Rehearsal report: a question.
Monica assigned us, about a month ago, something she had done in her Power, Privilege and Oppression class (What a class title!)
The task, as summarized by me: Find your resistance. Who, if they walked into your life tomorrow, would you struggle to serve to the best of your abilities, more or less because of groundless (and perhaps unintentional) bias on your own part? Is there a group of people who you just don't react well to? What three steps can you take to reduce your resistance to that group?
I think, in the context of her program, this is about moderating how your perspective and place in society affects how you can help your clients.
In the context of Mad King Thomas, I think it's about making ourselves better people, which is a corollary of our motto, Making the World More Awesome. We've had a while to think on it. I think Theresa and I were meant to settle on a specific demographic, but it seems we've both unravelled the assignment about to the edges of usefulness. Sorry, Mo.
I've been developing little tests to figure out when that resistance is flaring up: If I feel a physical tightening in my body when I encounter someone I don't personally know. If I find myself withdrawing into my mind and overthinking when I contact someone. If I don't want to listen to a person, or I discount what they have to say as "illogical" or "irrelevant", or I try to shut down the conversation as soon as possible, or I just look away like they aren't there.
Sometimes the test yields false positives: A guy at the grocery store tried to talk to me and I averted my eyes and walked quickly on. He called me out for "not being supportive", which made me feel a little bad. But the reason I was avoiding this guy is because he was there as a representative of the L.A. Times, and while I have no particular beef with the L.A. Times, I don't need to feel bad about resisting corporations. (In response, I said I support him but don't wish to give my information out or subscribe...so it helped even in this case.)
Anyway, once you start to notice this resistance, you also see there's a flip side to all of this, which is the groups of people you feel comfortable around. Of course, all comfort is relative, isn't it? A professor warned us that the end result of a postmodern education was permanent alienation, wherever you go. And maybe they were right. Postmodernism of the sort Mad King Thomas acquired at Macalester reduces the comfort level you have within what you perceive as your "own" group. It reminds you not to make assumptions, not to live so Euro/America/self-centric. It dismantles the idea that you belong in any kind of group at all.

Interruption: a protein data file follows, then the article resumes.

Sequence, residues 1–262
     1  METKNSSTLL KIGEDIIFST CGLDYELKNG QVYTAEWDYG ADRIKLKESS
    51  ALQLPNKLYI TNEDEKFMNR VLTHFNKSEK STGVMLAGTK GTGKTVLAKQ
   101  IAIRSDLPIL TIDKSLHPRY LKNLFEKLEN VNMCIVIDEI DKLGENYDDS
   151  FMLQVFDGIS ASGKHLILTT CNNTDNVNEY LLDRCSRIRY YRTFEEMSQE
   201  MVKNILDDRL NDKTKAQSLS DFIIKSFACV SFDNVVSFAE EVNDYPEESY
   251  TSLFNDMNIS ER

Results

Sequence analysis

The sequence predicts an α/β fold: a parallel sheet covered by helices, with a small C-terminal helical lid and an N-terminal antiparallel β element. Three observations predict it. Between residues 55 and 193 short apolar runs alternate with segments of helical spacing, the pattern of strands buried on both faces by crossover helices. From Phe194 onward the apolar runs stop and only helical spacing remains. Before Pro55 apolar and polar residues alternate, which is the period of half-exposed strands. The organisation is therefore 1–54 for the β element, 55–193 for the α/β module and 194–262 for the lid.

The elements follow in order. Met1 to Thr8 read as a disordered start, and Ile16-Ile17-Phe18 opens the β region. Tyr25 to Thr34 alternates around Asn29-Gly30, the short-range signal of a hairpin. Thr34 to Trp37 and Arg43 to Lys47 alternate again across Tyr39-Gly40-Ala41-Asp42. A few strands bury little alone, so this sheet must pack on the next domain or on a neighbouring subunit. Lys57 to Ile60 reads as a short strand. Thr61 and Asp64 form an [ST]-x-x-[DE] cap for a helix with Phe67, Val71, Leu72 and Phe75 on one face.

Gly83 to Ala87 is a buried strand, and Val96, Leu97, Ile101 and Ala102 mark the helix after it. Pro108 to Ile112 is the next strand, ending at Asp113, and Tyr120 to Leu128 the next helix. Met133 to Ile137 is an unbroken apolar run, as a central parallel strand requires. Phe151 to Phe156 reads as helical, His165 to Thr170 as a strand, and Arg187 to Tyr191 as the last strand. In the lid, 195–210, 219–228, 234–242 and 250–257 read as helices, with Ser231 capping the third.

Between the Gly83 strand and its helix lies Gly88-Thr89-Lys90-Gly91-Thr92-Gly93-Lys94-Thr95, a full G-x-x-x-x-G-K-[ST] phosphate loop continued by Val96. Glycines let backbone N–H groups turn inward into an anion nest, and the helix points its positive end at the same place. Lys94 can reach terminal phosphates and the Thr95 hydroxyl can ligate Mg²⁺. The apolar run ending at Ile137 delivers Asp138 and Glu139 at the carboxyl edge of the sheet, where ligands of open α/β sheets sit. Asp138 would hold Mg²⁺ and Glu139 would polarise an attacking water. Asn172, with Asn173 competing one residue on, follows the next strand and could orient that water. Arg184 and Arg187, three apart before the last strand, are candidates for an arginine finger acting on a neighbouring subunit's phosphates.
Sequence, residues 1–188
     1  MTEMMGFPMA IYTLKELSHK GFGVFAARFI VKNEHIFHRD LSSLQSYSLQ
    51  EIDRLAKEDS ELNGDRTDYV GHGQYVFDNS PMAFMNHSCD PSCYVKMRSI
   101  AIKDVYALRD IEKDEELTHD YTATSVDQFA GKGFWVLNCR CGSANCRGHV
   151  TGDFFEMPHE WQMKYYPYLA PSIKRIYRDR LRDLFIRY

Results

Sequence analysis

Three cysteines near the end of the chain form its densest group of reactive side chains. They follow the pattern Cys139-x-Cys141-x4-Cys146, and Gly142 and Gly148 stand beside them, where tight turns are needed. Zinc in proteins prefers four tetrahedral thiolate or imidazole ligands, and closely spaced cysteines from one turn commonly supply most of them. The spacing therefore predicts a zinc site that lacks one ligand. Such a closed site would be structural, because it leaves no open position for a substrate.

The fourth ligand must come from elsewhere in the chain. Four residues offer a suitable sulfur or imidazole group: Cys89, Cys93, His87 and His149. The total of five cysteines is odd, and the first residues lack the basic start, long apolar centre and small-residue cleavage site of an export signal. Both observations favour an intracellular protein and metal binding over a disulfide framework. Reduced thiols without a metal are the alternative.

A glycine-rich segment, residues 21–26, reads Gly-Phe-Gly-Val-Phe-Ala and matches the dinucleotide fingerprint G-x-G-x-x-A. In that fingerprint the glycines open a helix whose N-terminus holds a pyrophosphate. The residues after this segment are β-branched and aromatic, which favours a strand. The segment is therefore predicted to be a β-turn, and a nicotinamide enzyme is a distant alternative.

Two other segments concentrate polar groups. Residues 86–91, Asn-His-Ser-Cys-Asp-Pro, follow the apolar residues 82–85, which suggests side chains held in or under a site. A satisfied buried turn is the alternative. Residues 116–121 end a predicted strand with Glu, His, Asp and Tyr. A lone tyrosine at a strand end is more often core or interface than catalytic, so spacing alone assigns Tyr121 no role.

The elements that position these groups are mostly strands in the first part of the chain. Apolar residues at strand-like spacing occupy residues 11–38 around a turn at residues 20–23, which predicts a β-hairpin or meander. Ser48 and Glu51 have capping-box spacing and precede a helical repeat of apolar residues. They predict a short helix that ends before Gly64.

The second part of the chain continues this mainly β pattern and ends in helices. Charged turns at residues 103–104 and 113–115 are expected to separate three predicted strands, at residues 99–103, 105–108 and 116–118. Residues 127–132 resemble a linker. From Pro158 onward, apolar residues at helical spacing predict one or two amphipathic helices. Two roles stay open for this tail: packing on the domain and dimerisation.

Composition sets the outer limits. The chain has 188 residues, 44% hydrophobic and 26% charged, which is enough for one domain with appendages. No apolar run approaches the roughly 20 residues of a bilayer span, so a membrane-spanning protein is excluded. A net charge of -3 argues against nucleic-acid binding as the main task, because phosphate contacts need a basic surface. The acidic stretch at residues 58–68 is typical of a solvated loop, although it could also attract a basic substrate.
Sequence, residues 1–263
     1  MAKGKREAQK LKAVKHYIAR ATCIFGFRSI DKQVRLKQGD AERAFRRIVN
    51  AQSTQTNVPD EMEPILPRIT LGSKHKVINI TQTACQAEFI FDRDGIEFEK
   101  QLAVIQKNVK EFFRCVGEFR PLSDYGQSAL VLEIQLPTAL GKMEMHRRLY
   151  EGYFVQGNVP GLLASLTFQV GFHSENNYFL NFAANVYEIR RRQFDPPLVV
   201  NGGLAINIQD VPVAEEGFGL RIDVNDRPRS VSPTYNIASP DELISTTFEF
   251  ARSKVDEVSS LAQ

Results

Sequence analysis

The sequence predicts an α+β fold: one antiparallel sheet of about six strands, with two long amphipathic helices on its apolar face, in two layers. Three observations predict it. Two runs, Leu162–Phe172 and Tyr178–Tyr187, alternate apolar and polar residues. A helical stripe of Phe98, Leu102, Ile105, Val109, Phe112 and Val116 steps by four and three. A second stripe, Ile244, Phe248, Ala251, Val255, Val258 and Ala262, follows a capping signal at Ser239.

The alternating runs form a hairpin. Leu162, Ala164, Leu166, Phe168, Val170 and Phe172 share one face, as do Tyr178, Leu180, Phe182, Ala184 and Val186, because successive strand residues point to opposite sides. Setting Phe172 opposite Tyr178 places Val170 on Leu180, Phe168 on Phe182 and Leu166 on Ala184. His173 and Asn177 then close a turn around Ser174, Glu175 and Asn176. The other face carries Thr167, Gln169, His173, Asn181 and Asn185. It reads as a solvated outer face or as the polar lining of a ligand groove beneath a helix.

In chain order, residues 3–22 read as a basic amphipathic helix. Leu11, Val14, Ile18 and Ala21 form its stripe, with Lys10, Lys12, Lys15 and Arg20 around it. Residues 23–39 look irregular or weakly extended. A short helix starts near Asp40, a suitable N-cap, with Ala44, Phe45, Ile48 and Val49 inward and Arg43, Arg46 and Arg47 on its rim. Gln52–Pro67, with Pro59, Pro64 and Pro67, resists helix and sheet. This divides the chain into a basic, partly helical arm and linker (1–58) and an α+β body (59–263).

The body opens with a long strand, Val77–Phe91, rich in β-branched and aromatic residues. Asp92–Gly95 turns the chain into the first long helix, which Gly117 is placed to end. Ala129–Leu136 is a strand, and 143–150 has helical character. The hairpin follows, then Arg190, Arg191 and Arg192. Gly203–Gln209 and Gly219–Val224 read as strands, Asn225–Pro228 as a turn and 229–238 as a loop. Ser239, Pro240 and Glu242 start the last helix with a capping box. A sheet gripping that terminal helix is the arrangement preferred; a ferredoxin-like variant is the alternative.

But! The key with this exercise is not to remember people are different from you (duh) but to make active effort toward understanding those you don't (and in some ways can't) understand. To make effort toward expanding outward from your own self-centered humanity to the humanity of everyone around you, and, eventually the humanity of everyone on earth. Right? You make sure you are, yourself, a human, and then you extend the courtesy to everyone else. That's the basic deal.
Anyway, it's not hard to leap from there to what's been happening in Ferguson and New York and .... It's not that hard to leap from examining why you feel nervous around X group of people to seeing how a cop might react inappropriately to a group. And we've all been separately agitated about the #blacklivesmatter situation. We are sad that this shit is happening, and that it has happened for generations, and that the system is STILL failing to address it. I am sad, selfishly, because I've lost family to police violence, and I am sad, socially, because other people are still losing family that way. And I am privileged because, as a white person, it's way, way, WAY less likely to happen to me or my family than it is to a black person.
But I feel so encouraged that people are out there, navigating this situation with more and more grace, more grace than I could really hope for, even as the system fails, even as white people overstep and fail to listen, even as people get mad that their Christmas shopping was interrupted. I want to keep noticing when my shoulders get tight and to take that as a reminder that I'm not treating someone with the most dignity that I could.
Anyway, there's the rehearsal report for this week.